"Why am I getting vaccinated? Well, I want to make sure I stay healthy, because I want to make sure I protect my family and my friends and my co-workers," he told People. "Because we're all in this together. If we don't take care of each other, there's no point in going on."
Kotb's immediate motivation for getting the vaccination is to protect her family, but it's also about more than just them.
"This is who I'm getting vaccinated for when it's my turn: First, for my mother, who's in her 80s; for my fiancé, Joel; for my two children," she told People. "And for every single person who I pass by, who I walk by and who I see. So I am getting vaccinated not only for my family, but for yours too."
Health care workers among 22,000 fans to attend Super Bowl
Health care workers will be among the 22,000 fans in attendance next month when Super Bowl 55 is played in Tampa, Florida, the NFL announced Friday.
NFL Commissioner Roger Goodell surprised staff at Sarasota Memorial Hospital that they are part of the 7,500 vaccinated health care workers who will be able to witness the nation's biggest sporting event.
"We hope in a small way that this initiative will inspire our country and recognize these true American heroes. This is also an opportunity to promote the importance of vaccination and appropriate health practices, including wearing masks in public settings," Goodell said in a statement.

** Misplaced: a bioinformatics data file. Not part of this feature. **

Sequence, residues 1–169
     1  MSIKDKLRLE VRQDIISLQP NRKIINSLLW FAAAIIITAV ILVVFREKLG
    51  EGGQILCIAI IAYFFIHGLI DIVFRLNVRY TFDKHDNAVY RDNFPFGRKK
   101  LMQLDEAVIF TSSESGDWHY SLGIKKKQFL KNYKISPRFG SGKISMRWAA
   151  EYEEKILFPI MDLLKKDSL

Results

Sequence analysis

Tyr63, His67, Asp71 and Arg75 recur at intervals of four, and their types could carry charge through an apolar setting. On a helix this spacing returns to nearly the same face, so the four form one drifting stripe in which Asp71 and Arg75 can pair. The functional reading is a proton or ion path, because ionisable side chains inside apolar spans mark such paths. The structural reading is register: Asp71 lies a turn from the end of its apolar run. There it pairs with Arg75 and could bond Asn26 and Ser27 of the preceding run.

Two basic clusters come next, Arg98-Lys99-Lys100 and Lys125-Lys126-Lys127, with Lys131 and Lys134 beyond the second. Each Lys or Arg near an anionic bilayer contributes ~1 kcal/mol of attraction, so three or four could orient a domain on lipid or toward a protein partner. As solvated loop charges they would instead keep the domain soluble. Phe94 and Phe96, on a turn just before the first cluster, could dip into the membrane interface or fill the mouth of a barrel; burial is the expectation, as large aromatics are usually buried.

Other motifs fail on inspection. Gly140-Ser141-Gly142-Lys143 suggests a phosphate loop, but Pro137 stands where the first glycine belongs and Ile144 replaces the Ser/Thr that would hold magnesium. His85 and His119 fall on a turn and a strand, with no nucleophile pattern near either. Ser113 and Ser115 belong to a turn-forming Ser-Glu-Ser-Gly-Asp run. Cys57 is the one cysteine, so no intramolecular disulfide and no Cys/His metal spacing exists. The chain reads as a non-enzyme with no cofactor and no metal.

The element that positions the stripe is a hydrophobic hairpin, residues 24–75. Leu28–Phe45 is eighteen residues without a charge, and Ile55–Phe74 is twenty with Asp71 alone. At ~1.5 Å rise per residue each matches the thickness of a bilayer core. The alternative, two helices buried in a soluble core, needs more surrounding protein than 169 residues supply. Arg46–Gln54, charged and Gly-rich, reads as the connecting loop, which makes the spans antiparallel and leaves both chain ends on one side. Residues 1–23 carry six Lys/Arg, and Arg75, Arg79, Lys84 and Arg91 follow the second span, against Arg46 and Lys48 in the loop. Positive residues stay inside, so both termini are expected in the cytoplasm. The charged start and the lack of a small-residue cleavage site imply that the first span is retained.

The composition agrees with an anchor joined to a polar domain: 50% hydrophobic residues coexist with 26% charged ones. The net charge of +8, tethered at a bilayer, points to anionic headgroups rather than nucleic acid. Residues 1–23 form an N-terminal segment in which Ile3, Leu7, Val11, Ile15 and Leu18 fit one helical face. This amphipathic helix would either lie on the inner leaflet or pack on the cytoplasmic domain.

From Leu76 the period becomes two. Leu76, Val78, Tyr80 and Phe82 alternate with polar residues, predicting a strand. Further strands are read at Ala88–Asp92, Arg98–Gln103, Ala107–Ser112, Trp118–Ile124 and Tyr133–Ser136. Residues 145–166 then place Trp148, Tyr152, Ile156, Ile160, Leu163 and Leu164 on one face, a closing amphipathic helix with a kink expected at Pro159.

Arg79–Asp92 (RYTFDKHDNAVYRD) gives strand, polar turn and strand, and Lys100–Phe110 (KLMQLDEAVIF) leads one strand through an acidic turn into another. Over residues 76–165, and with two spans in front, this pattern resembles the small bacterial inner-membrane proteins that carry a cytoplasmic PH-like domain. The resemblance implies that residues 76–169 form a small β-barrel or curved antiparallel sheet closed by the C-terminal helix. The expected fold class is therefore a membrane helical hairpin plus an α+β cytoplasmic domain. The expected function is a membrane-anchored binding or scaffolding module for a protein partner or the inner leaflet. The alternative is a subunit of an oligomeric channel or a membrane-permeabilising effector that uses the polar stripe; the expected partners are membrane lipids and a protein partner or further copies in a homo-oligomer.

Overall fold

There will be an additional 14,500 fans in attendance, the league said.
More than 4,000 reported dead for second day in a row, California counts a record 753 deaths
The country counted 4,104 Covid-19 deaths and 199,907 new cases Thursday, the second day in a row where more than 4,000 people were reported dead of the disease, according to NBC News' tally.
California accounted for nearly one out of every five of those deaths, reporting a record 753 dead. Utah reported a record 30 deaths.
This is the fourth day in a row of case counts lower than 200,000, the first time the country has had a streak like that since November.